Anscombe’s quartet and the importance of graphing your data
December 30, 2010
I’ve stalled a little bit in my thesis writing – I’ve only got reanalysis and in-depth rewriting to be done on this chapter, which I’m not keen to do at this time of night. So I thought I’d bash out a quick post before the new year.
When dealing with sets of data from familiar experiments, it might be tempting to throw the numbers into your favourite statistics software package, and report the coefficient and p value. But researcher beware! Strange things may be hiding in your data… Anscombe’s quartet is a fine example of this. The quartet is four sets of data that have the same sample statistics (mean, variance, correlation coefficient and regression equation), but when graphed, they are clearly very different.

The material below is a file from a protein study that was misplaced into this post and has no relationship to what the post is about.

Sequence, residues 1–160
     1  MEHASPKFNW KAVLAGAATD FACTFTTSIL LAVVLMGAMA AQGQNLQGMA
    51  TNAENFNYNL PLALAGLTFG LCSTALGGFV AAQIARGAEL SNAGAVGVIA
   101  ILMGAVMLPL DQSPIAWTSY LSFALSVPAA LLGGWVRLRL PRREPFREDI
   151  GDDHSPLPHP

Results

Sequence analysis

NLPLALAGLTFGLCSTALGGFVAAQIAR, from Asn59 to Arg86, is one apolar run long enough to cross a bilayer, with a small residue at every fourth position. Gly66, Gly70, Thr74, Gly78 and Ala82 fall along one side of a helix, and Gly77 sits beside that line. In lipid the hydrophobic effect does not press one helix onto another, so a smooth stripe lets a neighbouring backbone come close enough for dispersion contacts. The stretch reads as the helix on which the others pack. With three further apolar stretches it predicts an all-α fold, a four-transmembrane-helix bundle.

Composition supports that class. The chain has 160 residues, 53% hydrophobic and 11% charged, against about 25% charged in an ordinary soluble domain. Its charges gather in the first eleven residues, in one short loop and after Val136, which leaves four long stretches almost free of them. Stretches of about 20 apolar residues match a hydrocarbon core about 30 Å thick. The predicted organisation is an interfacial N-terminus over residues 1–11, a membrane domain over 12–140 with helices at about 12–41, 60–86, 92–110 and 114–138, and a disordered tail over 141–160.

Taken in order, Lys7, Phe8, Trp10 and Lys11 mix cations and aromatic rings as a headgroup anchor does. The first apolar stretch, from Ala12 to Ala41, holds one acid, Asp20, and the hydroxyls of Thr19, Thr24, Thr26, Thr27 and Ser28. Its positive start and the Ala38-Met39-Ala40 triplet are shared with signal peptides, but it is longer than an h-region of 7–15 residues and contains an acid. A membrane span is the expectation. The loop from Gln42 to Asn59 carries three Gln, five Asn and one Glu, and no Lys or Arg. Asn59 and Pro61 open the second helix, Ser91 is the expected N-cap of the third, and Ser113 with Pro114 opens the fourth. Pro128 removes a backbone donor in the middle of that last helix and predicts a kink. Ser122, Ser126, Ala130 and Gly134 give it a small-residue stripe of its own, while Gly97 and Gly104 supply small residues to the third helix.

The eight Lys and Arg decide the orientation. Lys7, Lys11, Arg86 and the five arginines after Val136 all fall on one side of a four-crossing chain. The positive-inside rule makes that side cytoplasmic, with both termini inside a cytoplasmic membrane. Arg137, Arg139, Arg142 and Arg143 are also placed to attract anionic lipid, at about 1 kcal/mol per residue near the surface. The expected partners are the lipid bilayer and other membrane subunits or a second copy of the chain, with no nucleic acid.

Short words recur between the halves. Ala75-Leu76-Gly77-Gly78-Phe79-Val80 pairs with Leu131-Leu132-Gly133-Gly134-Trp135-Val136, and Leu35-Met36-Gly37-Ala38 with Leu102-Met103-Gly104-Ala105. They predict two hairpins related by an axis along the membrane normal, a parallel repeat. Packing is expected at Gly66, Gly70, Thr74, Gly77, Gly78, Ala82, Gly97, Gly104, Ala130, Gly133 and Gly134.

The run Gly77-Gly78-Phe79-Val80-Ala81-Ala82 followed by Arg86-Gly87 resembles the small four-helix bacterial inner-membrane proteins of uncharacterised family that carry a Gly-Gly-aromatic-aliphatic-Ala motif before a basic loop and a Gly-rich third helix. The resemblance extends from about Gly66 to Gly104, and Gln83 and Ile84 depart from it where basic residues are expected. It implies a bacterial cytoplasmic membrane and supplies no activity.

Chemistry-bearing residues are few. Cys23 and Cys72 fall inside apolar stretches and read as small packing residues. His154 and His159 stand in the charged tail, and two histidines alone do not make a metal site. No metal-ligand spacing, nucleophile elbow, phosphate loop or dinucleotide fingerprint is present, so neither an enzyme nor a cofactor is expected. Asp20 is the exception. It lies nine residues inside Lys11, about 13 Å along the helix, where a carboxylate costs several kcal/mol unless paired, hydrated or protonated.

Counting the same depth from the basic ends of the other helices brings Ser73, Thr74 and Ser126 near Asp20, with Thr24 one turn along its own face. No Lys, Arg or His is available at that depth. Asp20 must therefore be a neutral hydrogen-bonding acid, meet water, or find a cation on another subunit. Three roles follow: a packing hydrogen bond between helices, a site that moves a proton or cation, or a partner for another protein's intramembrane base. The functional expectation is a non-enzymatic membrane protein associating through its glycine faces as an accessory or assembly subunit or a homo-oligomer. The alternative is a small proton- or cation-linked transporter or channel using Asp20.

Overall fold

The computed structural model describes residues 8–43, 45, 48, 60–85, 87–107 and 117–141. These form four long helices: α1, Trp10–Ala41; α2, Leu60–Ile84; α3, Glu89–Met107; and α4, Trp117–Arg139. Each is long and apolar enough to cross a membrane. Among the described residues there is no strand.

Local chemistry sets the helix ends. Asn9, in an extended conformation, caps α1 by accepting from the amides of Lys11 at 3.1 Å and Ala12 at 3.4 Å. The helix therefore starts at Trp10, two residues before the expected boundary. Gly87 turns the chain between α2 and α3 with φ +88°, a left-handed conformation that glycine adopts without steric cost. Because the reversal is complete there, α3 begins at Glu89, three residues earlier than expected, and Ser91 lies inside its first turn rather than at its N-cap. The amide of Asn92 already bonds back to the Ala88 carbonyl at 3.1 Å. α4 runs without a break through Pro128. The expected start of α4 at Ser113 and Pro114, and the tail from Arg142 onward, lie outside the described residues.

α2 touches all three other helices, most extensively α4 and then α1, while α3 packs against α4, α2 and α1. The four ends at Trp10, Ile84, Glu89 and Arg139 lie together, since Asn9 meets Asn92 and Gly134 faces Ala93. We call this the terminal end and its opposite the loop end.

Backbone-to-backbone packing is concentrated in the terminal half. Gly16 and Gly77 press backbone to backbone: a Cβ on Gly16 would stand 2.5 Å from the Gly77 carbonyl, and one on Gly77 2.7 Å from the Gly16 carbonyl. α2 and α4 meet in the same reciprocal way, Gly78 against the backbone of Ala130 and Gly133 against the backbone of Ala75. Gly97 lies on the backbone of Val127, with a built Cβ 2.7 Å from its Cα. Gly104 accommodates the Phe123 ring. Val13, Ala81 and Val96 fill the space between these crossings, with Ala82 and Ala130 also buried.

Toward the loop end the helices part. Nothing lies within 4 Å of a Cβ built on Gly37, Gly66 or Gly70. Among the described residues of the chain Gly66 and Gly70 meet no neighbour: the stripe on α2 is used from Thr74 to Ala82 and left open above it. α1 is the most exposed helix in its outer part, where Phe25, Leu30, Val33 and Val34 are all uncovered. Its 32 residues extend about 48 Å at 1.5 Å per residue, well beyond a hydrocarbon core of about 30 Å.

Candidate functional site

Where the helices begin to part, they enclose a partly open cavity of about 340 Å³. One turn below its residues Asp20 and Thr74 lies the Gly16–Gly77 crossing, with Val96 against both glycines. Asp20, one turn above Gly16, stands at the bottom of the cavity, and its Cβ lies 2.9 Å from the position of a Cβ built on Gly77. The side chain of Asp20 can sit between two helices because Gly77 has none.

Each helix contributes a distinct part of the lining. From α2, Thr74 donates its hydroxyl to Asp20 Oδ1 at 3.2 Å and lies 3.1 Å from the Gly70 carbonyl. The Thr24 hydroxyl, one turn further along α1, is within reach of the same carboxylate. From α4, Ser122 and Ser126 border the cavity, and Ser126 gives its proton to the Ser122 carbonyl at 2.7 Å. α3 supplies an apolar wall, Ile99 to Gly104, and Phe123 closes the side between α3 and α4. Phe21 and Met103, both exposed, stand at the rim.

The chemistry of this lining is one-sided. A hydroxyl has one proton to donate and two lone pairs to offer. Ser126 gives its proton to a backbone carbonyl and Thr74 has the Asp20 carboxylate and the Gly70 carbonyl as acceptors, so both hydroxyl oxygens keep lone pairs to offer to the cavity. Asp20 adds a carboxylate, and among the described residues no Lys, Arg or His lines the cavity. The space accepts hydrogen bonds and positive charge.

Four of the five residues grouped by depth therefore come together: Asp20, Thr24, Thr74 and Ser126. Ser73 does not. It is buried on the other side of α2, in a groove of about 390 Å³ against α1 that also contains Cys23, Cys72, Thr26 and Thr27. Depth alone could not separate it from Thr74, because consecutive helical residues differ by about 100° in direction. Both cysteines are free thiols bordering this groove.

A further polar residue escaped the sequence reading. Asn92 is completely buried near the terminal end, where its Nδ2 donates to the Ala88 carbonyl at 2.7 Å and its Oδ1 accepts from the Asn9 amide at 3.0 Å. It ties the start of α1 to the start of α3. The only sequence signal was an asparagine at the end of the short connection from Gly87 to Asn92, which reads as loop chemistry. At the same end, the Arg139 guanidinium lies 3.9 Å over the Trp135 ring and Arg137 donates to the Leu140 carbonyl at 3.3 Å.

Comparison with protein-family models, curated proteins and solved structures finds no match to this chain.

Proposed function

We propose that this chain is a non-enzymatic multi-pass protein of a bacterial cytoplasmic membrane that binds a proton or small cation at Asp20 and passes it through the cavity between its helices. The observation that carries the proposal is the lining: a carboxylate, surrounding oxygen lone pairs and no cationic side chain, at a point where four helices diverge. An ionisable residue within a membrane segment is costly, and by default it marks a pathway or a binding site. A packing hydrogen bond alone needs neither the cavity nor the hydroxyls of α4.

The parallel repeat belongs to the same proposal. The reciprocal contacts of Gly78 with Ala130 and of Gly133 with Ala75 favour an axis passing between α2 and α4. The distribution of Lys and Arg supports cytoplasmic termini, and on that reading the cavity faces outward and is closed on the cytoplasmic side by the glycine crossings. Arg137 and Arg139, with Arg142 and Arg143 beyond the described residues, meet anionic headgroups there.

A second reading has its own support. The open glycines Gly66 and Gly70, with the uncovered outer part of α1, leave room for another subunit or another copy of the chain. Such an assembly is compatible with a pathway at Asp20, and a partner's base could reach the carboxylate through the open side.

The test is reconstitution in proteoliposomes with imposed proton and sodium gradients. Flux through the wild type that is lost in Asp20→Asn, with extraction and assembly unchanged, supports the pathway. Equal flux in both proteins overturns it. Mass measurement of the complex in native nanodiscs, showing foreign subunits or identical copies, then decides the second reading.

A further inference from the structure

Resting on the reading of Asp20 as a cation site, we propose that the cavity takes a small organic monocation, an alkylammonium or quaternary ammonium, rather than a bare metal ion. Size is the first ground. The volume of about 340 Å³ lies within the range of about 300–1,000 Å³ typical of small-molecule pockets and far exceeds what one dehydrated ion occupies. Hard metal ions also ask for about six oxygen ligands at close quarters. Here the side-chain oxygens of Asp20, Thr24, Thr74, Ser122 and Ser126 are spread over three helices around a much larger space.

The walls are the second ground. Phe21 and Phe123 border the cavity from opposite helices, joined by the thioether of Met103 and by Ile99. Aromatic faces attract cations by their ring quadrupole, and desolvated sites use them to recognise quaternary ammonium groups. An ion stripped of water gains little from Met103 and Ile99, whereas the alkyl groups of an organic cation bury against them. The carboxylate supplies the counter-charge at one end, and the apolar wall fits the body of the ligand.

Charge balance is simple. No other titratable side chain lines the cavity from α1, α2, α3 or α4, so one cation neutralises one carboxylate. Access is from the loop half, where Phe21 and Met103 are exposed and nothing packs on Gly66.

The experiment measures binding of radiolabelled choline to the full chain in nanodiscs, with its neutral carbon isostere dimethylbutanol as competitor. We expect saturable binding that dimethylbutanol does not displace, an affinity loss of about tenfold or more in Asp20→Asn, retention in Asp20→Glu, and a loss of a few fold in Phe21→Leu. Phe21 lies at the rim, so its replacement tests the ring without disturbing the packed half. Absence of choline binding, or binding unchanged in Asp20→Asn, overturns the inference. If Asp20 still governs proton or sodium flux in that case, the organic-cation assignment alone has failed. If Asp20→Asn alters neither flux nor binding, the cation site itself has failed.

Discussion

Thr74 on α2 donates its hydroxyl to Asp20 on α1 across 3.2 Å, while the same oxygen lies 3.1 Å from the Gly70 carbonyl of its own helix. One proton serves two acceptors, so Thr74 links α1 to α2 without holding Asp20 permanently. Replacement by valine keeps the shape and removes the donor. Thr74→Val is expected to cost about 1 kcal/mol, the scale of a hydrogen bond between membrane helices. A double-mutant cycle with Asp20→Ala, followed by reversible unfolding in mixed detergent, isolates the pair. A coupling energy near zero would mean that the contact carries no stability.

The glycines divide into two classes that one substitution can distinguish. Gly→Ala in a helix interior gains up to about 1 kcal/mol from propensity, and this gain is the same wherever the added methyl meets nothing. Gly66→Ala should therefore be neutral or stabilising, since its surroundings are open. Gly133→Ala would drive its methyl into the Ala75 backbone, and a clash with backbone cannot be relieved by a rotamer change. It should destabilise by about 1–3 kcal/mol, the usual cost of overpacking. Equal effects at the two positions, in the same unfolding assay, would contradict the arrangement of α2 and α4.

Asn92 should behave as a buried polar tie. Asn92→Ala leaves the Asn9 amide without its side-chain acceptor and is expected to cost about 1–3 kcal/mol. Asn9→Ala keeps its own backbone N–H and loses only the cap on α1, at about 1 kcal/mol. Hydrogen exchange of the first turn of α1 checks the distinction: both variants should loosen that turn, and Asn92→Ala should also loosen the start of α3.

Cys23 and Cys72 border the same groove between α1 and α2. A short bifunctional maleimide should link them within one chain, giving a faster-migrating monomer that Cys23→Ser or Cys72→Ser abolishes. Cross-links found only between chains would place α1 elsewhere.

The quartet is only an illustrative example of what is possible; the Wikipedia article has links to other similar data.
But graphing your data doesn’t just guard against mistakes, it can also allow you to see patterns in your data that you hadn’t thought to look for. If you use R, there are plenty of snippets of code that make a summary plot of data, with frequency distributions and Q-Q plots. So give it a go. Work with your data from the bottom up – you never know what you might find.
P.S. Happy New Year everyone – There’s a surprise coming for Neuromancy next year…